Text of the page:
The passing of Tanith Lee made me think about my own favorite genre authors from childhood. While there were a few that I liked, there’s only one whose books have really stuck with me throughout the years. It’s Meredith Ann Pierce, author of the amazing Darkangel trilogy.
I’ve hesitated mentioning this series because it’s from that most dreaded subgenre in all literature – the vampire romance. But perhaps this is the perfect time, while we’re still experiencing the aftershocks of Twilight, to talk about this young adult series that has romance, imagination, and real substance.
Every book series sets up its own rules for vampires. We learn Pierce’s first rule of vampyres when the first novel spells it “vampyre,” and the titular “Darkangel” comes flying with enormous black wings out of the sky to abduct not the heroine, but the heroine’s mistress. Aeriel, though a slave, is attached to her mistress. When she tries to get revenge, she’s abducted as well, and falls in love with her abductor. We learn the second rule of vampyres in the series – they are mesmerizingly beautiful.
When she gets to the vampyre’s magnificent castle, we learn the third rule about vampyres – they’re really, really bad. Unlike most vampire romances, which soft-pedal the vampire’s bad-boy past, Aeriel is literally surrounded by his past misdeeds. In the Darkangel series we learn that vampyres not only consume blood of their victim, but the soul as well. This is considered so horrific that, in a later novel, when a woman is about to be sacrificed to a vampyre and Aeriel is having trouble picking the lock on the chain around her ankle, the woman immediately orders Aeriel to cut off her foot. (She doesn’t. It’s not Game of Thrones.) The vampyre has kidnapped Aeriel not to be his wife, but to be his wives’ servant. The wives, one of whom is Aeriel’s former mistress, are wraiths, with no memory and little ability to feel anything but confusion and want.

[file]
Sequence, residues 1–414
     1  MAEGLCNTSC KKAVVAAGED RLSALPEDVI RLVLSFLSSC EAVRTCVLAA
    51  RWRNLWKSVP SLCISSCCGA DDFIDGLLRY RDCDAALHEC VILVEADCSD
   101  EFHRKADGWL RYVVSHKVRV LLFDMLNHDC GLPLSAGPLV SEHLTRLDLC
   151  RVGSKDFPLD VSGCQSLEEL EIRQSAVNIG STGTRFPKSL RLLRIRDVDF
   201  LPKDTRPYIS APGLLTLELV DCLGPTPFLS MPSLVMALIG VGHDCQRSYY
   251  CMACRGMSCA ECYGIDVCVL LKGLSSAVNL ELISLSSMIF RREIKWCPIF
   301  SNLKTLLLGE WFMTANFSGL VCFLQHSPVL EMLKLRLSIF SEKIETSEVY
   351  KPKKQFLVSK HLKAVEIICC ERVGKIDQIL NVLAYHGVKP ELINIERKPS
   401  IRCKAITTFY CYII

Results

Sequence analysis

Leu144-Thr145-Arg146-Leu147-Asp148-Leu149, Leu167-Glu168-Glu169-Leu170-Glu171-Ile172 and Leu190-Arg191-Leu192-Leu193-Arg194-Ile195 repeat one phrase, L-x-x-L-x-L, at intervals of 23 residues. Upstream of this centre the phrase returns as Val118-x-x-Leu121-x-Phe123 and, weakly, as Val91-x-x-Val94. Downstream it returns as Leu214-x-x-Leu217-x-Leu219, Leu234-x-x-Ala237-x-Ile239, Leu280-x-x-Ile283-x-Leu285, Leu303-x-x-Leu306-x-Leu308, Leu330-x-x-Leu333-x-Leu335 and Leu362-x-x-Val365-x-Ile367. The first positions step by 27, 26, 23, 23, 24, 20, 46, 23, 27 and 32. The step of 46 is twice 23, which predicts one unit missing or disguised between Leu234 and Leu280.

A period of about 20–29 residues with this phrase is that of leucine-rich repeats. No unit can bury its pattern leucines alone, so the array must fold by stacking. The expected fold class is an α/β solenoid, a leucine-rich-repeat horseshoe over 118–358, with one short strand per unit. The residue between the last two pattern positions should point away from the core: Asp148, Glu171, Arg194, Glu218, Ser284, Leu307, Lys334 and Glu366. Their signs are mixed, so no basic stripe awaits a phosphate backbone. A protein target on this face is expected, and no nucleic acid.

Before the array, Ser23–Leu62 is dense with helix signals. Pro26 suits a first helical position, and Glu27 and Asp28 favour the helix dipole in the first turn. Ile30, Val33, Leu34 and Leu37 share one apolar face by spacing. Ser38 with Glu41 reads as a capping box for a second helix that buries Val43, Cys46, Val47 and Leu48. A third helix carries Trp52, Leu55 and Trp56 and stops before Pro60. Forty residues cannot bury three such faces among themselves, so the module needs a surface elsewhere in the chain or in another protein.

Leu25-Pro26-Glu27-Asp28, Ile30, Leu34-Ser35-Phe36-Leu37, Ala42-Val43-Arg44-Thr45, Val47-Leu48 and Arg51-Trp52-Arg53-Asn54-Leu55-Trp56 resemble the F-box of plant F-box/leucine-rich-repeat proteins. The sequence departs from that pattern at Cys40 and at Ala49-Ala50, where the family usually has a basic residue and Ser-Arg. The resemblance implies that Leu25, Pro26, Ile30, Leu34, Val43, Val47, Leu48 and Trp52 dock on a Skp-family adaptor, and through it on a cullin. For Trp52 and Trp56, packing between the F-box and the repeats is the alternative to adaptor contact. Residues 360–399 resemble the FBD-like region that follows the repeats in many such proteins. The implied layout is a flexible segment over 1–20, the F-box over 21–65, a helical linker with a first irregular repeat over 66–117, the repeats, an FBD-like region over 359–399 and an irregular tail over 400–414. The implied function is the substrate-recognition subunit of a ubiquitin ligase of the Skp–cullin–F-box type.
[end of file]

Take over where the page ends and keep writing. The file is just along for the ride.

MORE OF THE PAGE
The women aren’t wiped out of existence yet, because becoming a vampyre is a two-step process. Once the vampyre collects fourteen souls, his “mother,” The White Witch, will consume the souls with him, and make him a full vampyre. He doesn’t consider Aeriel a worthy bride, so she spends her days tending the wraiths, meeting creatures hiding around the castle, and learning the lay of the land.
So Aeriel is weaving clothes for the crazed husks of the women that the vampyre destroyed — and yet, she still loves him, sees good in him, and tries to please him in order to get him to like her. If this makes her seem like a cringing idiot with no self-respect, well, that’s what she is at first.
But over time, she changes. In the first book, The Darkangel, she trains herself to care for the wraith brides as people, making them comfortable and trying to revive the few memories they have of their former lives. She strikes out on her own to find a way to defeat the Darkangel and his mother. When she comes back to the castle, she still loves him — but she’s no longer concerned with making him like her, especially if earning his approval causes pain to other creatures.
The second book, A Gathering of Gargoyles, honors romantic tradition by providing Aeriel with a new suitor, who also happens to have another castle. Like most second suitors in romance, he never has a chance. And neither does the book’s storyline, which starts with Aeriel sailing off over the Dust Sea to have adventures on her own. She builds alliances and develops her skills a sorceress. She learns the history of her world.
And personally, during her travels Aeriel gets a look at other kingdoms and other vampyres, and comes to understand her (reformed) Darkangel, instead of viewing him with blind adoration. She can finally see him as a person, and not an ideal.
Aeriel grows as a character, and she grows beyond the bounds of her love interest. She still loves him. He loves her. And she gives him up (to a smug other woman, because Meredith Ann Pierce knows how to twist the knife when she wants to) to go on to a wider horizon and a longer adventure with the entourage she’s gathered around herself.
Here’s the thing about the final book. When I was a kid, I hated it. The Pearl of the Soul of the World, was Casablanca for someone who was not emotionally ready to handle Casablanca. I wanted to see the love story end happily, not to see two people find their places in the world. Now I still see the book series as Casablanca, and I’m so glad that both characters go on to a high calling, instead of forcing readers to watch Ilsa staying to tend a shabby bar and casino with Rick.
This series is a romance, but it’s not a romance with a happy ending, or a romance with a sad ending. Pierce gives you an ending that’s thrilling, and full of potential. And thus, this will be one of the few romances that stick with you.